Nutritional drinks may help someone with ulcerative colitis to prevent nutrient deficiencies or malnutrition. In addition, they may be beneficial during a flare of symptoms.
Ulcerative colitis (UC) is a lifelong inflammatory bowel disease (IBD) with periods of remission and relapse.
People with UC may experience chronic diarrhea. They may also lose their appetite or find it difficult to eat certain foods. As a result, they may develop deficiencies in essential nutrients, which can lead to further health complications.
Nutritional drinks can be a practical and beneficial way to consume the nutrients someone with UC needs to maintain a balanced diet.
This article looks at types of nutritional drinks and what they contain. It discusses how they may benefit someone with UC and why avoiding malnutrition or nutrient deficiencies is essential. Finally, it looks at other food and supplement sources of essential nutrients.
The Crohn’s and Colitis Foundation explains that nutritional support therapy is sometimes beneficial to avoid malnutrition. A
Enteral nutrition involves a person drinking a nutritional supplement or a healthcare professional administering it through a tube in the nostril or a surgical incision in the stomach. Medical professionals may advise that someone receive all or part of their calories through a supplemental formula.
Healthcare professionals also refer to an all-liquid diet as an elemental diet. They may advise someone to consume a liquid diet during a flare of symptoms to help limit further inflammation.
Medical professionals may also recommend an elemental liquid enteral supplement that has all the macronutrients broken down into their simplest components, such as:
- individual amino acids instead of intact protein
- specialized triglycerides instead of a complete fat source
- single sugars instead of a complete carbohydrate source
A person may receive this type of enteral nutrition if they are experiencing a flare of UC.
The Crohn’s and Colitis Foundation advises people to check with a healthcare professional before consuming supplemental nutrition in drinks or other forms.
The following are types of nutritional drinks that people may consume to manage their symptoms, along with the potential health benefits of each.
Meal replacement drinks
Meal replacement drinks may contain a range of nutrients to replace a meal. Many types are available, and people should check the ingredients because the quality and dosages of vitamins and minerals that they contain vary greatly.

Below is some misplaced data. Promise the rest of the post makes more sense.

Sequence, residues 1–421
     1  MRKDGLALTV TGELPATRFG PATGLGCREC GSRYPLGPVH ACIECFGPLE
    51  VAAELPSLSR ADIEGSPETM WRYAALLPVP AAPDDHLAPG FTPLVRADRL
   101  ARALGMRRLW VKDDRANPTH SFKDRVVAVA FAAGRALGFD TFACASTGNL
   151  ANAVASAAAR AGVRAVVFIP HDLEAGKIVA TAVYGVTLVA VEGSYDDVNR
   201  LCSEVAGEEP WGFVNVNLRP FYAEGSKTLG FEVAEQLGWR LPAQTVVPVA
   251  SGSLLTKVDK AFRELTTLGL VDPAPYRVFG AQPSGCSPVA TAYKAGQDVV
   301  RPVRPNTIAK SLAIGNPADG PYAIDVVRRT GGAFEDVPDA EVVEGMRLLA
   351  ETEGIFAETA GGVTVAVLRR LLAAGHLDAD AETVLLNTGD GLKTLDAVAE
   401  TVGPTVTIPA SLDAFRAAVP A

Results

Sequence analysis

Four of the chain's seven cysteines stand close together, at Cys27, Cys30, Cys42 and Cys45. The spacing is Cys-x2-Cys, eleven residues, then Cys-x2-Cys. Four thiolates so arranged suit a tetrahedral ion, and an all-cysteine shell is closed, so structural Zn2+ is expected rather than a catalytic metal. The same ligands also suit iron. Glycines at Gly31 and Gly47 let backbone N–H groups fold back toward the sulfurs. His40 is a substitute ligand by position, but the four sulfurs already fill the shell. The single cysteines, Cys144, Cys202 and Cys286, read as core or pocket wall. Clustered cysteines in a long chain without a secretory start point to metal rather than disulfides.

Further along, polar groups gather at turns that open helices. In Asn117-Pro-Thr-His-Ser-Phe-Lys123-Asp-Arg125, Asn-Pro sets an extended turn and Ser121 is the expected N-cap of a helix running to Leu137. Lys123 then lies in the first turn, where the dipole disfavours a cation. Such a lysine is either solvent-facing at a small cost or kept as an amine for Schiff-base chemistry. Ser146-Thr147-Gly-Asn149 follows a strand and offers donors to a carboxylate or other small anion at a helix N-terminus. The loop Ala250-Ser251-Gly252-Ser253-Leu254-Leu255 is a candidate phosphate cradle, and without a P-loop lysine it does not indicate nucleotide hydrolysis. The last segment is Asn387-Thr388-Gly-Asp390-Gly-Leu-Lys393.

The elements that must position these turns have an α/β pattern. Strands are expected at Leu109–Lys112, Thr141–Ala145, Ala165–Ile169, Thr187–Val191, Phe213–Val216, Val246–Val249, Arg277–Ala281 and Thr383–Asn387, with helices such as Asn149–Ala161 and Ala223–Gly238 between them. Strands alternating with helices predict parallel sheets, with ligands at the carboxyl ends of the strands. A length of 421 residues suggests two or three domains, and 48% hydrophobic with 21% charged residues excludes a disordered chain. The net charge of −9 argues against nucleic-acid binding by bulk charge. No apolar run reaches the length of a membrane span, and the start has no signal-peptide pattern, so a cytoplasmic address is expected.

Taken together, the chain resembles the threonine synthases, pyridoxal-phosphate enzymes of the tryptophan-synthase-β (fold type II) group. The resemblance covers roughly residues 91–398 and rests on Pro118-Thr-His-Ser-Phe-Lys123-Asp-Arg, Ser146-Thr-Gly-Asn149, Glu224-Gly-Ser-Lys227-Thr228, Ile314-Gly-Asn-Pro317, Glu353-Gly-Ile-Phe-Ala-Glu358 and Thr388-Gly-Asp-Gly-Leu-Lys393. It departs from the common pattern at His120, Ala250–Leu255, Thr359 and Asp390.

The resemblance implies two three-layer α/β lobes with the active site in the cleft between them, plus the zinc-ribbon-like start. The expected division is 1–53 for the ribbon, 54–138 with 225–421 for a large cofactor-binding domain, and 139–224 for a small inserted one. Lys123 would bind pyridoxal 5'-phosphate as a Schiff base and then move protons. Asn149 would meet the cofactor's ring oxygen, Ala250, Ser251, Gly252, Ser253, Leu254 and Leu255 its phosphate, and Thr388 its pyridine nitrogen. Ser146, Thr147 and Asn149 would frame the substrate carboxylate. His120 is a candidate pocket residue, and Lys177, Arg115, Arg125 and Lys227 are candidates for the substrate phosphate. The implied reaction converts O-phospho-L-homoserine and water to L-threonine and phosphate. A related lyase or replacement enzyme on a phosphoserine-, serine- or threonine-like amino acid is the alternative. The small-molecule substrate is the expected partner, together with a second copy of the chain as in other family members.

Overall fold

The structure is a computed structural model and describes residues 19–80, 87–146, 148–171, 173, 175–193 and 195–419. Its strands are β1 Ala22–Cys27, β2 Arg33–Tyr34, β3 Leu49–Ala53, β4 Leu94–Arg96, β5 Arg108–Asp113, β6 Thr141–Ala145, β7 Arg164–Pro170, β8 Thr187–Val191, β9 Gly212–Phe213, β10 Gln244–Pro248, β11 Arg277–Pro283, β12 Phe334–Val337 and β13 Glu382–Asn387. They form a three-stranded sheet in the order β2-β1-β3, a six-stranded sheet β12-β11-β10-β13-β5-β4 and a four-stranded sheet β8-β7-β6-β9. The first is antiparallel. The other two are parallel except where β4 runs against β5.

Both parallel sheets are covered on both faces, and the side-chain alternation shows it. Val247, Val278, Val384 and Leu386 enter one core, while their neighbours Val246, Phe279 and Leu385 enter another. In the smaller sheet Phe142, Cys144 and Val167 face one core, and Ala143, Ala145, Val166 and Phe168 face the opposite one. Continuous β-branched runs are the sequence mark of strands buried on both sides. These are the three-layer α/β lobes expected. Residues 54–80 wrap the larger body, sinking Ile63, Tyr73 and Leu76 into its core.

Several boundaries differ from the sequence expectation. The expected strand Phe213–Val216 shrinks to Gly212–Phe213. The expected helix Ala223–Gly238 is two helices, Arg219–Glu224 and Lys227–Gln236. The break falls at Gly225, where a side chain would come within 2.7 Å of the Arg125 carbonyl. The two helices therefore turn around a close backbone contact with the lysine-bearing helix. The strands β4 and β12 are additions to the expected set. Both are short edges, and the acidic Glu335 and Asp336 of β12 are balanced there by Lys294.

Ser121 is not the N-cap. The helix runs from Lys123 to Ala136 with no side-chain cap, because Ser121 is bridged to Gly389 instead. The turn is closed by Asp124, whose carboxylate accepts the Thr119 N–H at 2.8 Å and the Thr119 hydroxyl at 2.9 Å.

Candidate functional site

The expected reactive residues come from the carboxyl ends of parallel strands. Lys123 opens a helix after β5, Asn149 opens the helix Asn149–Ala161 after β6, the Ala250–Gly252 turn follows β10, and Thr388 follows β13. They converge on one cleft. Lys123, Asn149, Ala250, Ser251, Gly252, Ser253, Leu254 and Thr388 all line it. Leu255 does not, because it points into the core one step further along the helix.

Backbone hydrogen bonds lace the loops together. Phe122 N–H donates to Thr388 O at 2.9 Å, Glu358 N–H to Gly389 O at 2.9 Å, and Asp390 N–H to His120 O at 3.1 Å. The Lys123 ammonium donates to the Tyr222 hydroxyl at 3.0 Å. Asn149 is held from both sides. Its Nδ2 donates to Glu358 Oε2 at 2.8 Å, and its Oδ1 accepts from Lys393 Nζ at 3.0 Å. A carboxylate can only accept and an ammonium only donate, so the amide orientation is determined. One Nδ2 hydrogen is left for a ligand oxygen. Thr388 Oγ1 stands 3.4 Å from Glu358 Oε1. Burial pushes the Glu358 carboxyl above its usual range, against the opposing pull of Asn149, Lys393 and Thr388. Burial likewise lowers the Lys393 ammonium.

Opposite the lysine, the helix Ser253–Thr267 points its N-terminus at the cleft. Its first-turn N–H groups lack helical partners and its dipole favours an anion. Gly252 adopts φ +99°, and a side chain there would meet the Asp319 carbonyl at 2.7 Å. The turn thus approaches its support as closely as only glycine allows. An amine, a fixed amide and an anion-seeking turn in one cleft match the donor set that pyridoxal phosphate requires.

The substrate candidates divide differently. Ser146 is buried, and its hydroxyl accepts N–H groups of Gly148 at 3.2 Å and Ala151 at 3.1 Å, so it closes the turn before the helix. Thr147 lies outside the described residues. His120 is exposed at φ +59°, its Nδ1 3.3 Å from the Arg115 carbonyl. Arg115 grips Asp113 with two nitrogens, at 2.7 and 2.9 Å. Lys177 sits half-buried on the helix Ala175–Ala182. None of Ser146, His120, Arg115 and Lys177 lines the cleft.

However, some meal replacement drinks may contain sugars or sweeteners that worsen symptoms or cause gas and bloating. Someone with UC should consult their healthcare team or a dietitian to find out whether a meal replacement drink is suitable for them.
Electrolyte replacement drinks
Experts advise that a good hydration guideline is for a person to drink half their body weight in ounces of water each day.
When someone has diarrhea, they may need to replenish their fluids and electrolytes and aid hydration. Sports drinks that include sodium and potassium may be beneficial if someone tolerates them.
Learn more about electrolyte imbalance and UC.
Protein powders contain amino acids, which are the building blocks of protein. Supplementing amino acids helps people consume the necessary amounts for the health of their bones, muscles, and nervous systems.
Different types of protein powder have different amino acid profiles. Whey protein and pea protein contain a complete range of amino acids. Someone may decide to mix several protein powders in one drink to get a combination of amino acids.
Find out whether whey protein is good for people with UC.
Researchers in a
Little research has looked at the effects of protein drinks on UC. One
- nutritional status
- disease activity
- stool frequency
Researchers need to perform more studies to determine whether these effects also apply to UC.
These are drinks and powders containing a range of nutraceuticals that people can mix with a liquid. Nutraceuticals are food and plant substances that may have a therapeutic effect on a disease or health condition.
- curcumin, the active ingredient in turmeric
- medicinal mushrooms
- green tea
- omega-3 fatty acids
- red ginseng
- apple polyphenols
- berry extracts
- green algae extracts
Much of the available research has involved animals or laboratory tests, and scientists have not yet explored the effects of these extracts in humans with UC.
Additionally, herbal preparations may interact with some medications, so it is essential to check with a healthcare professional before taking them.